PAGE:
Rep. Pramila Jayapal, D-Wash., falsely claimed that Hur’s report was a “complete exoneration of President Joe Biden” – Hur had to repeatedly state that he had not exonerated him.  Rep. Cori Bush, D-Mo., didn’t even bother to ask Hur any questions and instead gave a 5-minute speech that accused Trump of being the “white supremacist in chief.”


Republicans made more progress.  Chairman Jim Jordan, R-Ohio, had Hur affirm his report’s finding that Biden earned $8 million from using the classified information to write his November 2017 book, “Promise Me, Dad.” Biden shared that information with his ghostwriter. Matt Gaetz , R-Fla., got Hur to agree that President Biden’s repeated claim that he “never shared” any of the classified documents was inaccurate.  Rep. Kevin Kiley, R-Calif., succeeded in persuading Hur to agree that a reasonable jury could have convicted Biden, and that Biden’s actions risked seriously damaging national security.   

But Republican members failed to mine the most important area for questioning.  While the Justice Department released the transcript of the interview, only Hur’s personal testimony could allow the American public to truly understand President Biden’s mental fitness.  Committee members did not require Hur to address, for example, Biden’s demeanor, alertness, memory, truthfulness, and overall mental state. 

Republican members did not strongly follow up on Hur’s conclusion, in his report, that Biden’s answers were sometimes “not credible.”  They could have asked Hur to explain exactly which of his observations and Biden’s answers led him to believe that a jury might not convict Biden, and whether the DOJ could rebut those arguments at trial. They could have asked Hur why he didn’t focus on the classified documents in Biden’s possession that were from his senate days; senators may not remove such documents nor any notes about them from the SCIF, and thus Biden knowingly and wrongfully removed and retained those classified documents.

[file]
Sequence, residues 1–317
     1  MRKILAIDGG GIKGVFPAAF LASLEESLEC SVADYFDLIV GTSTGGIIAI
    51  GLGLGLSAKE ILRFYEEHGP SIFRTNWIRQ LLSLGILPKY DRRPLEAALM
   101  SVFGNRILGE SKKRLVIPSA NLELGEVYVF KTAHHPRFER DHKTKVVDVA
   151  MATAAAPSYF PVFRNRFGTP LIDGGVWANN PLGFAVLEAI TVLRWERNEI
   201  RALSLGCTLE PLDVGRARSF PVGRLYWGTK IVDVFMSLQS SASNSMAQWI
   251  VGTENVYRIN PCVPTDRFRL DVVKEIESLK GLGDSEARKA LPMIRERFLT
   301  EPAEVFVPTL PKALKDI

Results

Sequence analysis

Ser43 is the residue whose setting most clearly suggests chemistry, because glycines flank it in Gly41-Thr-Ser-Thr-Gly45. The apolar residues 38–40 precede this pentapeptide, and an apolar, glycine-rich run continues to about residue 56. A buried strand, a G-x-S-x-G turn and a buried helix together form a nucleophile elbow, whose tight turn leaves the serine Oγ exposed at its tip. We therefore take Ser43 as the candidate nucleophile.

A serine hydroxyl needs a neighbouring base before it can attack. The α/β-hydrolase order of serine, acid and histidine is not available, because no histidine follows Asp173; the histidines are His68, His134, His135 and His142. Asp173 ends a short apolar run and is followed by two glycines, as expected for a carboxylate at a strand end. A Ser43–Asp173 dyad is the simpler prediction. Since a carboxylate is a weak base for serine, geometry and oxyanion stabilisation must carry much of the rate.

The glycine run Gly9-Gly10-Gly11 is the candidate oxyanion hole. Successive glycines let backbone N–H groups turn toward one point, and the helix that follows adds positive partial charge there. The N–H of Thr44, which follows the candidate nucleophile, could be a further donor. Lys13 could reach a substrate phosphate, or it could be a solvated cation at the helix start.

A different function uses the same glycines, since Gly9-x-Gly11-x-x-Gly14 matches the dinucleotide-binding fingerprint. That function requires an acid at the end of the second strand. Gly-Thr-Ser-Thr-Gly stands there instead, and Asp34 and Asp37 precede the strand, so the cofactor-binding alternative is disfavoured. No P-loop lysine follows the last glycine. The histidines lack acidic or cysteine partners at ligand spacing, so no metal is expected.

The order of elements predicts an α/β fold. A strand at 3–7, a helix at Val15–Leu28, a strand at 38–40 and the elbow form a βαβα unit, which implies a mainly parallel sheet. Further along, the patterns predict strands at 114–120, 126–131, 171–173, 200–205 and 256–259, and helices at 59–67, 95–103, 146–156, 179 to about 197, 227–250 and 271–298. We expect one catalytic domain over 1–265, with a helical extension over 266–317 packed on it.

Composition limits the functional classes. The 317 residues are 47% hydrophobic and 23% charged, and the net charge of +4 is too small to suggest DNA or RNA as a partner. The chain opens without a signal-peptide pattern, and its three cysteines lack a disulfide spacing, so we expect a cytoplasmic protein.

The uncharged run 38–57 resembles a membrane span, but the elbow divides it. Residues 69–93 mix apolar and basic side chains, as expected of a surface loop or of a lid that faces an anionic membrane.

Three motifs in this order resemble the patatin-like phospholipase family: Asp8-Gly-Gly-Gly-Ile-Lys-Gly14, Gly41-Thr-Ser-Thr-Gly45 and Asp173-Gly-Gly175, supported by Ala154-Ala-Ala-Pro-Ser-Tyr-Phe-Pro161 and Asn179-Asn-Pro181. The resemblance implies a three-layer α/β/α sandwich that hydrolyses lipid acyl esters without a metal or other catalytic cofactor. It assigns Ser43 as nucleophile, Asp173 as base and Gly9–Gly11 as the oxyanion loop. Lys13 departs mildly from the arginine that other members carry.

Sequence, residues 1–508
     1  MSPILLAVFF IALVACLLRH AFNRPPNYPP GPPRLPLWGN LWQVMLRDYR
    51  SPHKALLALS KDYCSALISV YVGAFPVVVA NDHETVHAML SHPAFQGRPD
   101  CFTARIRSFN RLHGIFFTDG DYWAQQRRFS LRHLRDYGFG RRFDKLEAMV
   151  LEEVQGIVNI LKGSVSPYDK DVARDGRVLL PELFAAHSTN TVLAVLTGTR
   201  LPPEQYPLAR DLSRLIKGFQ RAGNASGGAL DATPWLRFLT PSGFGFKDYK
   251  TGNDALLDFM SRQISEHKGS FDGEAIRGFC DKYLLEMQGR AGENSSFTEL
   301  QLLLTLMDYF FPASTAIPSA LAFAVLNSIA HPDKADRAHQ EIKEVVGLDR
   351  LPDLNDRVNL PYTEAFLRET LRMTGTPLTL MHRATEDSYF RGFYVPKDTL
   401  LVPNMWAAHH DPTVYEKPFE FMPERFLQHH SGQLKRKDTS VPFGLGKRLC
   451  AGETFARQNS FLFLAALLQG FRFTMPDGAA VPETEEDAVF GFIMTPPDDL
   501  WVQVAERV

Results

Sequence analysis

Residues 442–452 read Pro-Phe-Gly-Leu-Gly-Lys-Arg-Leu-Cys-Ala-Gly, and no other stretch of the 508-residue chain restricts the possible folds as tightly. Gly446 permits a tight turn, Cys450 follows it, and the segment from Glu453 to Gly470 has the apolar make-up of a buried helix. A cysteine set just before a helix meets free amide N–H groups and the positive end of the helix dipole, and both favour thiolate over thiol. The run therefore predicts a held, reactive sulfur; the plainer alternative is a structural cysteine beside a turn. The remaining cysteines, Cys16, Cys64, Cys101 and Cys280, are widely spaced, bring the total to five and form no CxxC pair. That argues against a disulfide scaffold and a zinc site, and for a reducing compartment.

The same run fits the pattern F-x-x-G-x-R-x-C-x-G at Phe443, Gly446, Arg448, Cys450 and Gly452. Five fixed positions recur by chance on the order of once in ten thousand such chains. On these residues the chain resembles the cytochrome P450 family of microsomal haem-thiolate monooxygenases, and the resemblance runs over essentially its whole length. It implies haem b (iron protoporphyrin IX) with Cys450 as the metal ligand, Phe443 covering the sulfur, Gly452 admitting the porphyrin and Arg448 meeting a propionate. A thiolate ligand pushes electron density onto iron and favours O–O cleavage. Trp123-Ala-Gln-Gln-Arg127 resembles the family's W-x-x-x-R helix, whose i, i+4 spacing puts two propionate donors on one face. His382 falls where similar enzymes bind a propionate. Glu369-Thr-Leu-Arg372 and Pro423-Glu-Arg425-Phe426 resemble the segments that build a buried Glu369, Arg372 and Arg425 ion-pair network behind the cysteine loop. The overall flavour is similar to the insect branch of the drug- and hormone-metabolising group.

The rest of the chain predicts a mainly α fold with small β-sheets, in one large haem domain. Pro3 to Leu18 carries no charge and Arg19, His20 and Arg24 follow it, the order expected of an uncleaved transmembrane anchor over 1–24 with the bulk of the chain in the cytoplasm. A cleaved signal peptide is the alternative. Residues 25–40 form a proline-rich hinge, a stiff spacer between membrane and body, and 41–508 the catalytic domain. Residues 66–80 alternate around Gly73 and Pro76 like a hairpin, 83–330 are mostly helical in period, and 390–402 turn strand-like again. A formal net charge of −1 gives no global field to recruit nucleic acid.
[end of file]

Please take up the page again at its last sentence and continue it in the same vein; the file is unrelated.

The House Judiciary Committee members also could have delved deeper into the interview transcripts. The transcript confirmed that Biden couldn’t remember when he was vice president or when Trump was elected. 

It confirmed that Biden himself had brought up his son, Beau, and then incorrectly stating that 2017-2018 was the “timeframe” when “my son [Beau] is – either been deployed or is dying.”  Beau Biden was deployed in Iraq from 2008-2009 as a member of the Delaware National Guard, and tragically died of brain cancer on May 30, 2015. 

The transcript shows that President Biden answered Hur’s questions with “don’t know,” “don’t recall,” or “I have no god**mn idea” more than 100 times and couldn’t remember what a fax machine was. 

Was Biden angry? Obstructive? Did he honestly not remember or was he simply repeating a coached line when he was in trouble?  Was Biden’s tendency to wander off into nostalgic stories due to his age or mental decline, or was it evasive and/or obstructive?

Congress should seriously consider exploring these questions further. Chairman Jordan already has taken the next step by demanding that DOJ turn over all audio recordings and transcripts of the interviews. With Biden having essentially secured the Democratic Party nomination and Trump on the verge of securing the Republican one, the House Judiciary Committee owes it to the American public to reveal information on whether the incumbent is mentally fit for a second term in office.   

John Shu is a legal scholar and commentator who served in the administrations of Presidents George H. W. Bush and George W. Bush.